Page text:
Cold winter predicted

  • Nov. 8, 2010 6:00 a.m.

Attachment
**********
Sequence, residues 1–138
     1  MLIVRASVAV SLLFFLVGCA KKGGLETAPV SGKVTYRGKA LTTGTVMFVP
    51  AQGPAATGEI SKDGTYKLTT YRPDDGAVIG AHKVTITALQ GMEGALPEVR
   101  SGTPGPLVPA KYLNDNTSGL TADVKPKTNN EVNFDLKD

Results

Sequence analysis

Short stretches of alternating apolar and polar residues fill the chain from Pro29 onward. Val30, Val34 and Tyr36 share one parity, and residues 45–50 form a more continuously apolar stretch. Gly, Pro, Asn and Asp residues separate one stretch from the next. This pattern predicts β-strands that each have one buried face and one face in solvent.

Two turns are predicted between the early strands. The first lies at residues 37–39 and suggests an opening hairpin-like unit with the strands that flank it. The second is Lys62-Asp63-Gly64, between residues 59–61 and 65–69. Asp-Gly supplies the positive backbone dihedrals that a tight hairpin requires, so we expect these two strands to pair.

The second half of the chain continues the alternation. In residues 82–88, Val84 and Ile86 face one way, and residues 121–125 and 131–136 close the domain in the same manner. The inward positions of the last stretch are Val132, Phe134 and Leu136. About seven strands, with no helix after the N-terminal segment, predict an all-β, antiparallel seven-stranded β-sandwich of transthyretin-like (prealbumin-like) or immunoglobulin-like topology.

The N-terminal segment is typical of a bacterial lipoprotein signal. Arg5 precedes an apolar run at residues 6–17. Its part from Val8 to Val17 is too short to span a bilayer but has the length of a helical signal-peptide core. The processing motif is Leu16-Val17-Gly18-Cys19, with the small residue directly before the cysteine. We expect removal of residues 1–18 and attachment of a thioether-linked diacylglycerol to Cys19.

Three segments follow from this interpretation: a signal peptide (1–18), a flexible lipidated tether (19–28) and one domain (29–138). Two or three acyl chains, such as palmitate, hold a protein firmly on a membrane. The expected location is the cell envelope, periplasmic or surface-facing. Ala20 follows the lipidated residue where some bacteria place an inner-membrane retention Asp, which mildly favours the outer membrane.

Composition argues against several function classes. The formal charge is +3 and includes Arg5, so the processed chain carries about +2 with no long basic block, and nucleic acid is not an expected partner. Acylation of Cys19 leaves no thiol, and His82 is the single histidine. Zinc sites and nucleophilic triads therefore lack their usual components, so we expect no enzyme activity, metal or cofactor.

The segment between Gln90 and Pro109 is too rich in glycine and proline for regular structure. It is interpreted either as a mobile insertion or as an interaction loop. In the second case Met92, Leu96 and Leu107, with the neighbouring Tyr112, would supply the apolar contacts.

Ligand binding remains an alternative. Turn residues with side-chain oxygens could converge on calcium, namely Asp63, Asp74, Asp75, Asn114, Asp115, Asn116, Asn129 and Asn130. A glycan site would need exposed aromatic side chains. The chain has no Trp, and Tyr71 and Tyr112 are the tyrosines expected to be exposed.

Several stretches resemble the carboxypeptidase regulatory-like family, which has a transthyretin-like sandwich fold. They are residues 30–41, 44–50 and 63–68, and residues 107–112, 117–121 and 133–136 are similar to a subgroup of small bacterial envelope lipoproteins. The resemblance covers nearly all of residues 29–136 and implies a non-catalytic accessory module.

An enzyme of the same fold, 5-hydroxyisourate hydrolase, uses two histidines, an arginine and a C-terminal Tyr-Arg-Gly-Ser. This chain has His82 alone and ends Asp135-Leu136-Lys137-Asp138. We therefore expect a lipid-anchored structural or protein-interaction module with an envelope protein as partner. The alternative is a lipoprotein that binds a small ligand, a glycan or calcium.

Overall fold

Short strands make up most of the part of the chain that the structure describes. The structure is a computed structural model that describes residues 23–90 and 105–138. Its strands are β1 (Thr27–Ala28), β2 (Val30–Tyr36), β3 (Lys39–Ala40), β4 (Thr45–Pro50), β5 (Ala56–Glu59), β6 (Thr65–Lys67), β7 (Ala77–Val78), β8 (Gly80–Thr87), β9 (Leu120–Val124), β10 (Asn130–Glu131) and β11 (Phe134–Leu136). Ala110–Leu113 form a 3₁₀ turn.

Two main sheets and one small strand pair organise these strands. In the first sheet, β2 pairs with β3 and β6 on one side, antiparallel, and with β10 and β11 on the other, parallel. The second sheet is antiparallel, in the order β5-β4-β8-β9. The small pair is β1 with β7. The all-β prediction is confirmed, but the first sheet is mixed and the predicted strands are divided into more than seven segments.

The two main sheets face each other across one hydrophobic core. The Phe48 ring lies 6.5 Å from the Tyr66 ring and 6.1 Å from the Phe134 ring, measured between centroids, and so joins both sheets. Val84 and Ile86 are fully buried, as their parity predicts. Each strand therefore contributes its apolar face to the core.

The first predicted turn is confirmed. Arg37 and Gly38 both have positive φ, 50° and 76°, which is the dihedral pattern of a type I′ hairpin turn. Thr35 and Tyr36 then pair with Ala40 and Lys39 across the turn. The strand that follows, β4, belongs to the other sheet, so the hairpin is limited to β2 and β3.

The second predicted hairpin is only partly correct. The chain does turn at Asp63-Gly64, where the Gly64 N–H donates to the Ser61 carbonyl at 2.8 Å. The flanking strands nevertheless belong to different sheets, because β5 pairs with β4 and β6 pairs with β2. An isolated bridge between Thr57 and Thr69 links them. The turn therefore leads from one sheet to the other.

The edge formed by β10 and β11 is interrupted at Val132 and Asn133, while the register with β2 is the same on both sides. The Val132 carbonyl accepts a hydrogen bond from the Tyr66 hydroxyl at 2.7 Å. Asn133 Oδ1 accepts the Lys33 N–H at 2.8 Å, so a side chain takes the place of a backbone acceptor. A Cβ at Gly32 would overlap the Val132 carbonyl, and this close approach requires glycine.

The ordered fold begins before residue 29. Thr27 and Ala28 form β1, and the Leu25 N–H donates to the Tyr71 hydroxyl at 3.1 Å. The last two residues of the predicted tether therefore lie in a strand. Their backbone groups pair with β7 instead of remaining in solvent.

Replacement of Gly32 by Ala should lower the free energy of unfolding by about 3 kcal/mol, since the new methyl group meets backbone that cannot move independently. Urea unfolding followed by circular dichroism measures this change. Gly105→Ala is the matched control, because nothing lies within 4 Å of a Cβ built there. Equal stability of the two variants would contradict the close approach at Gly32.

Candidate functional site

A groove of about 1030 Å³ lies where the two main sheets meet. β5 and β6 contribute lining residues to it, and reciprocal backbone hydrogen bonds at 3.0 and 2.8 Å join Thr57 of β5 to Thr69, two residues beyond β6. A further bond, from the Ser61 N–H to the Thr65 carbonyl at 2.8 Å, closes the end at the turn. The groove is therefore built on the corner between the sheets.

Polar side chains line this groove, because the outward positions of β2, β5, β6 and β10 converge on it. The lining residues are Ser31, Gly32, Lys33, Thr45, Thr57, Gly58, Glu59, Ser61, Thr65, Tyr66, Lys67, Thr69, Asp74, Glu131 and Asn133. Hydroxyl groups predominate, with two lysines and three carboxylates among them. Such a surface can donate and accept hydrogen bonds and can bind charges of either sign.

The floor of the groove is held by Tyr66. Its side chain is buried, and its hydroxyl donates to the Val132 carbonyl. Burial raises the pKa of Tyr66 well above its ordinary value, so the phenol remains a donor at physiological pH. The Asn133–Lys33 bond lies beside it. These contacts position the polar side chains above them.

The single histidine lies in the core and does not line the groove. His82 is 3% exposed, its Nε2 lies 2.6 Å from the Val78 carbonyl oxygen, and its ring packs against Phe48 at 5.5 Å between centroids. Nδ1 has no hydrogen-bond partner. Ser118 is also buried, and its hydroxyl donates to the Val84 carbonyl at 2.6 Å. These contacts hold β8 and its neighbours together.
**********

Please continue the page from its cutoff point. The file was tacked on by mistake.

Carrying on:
It’s been a stormy fall, but islanders should prepare for a cold and snowy winter. That’s the word from Environment Canada meteorologist Doug Lundquist, who says we should start to feel the effects of the “La Nina” weather phenomenon in December. La Nina, which has already developed in the southern Pacific, is associated with colder than normal ocean temperatures and brings wetter and cooler weather to the northwest coast, he said. It’s the opposite of El Nino, which is associated with warmer than normal ocean temperatures. The intense storms we experienced in September and October do not mean we will have an unusually stormy or windy winter season, Mr. Lundquist said. “It’s typical to get storms in October and November on the west coast, it’s our storm season,” he said. “What happened there doesn’t necessarily predict what the winter will be like.” La Nina should bring colder weather, although Mr. Lundquist added that the general global warming trend we’ve been experiencing lately could balance out that effect. In any case, he said, islanders will definitely find this winter colder than last year’s extremely mild season. “For December, January and February, overall, I think we’ll have near average to below temperatures,” he said. “It will be wetter and stormier in southern Haida Gwaii… The north won’t be quite so stormy, but it will be colder.”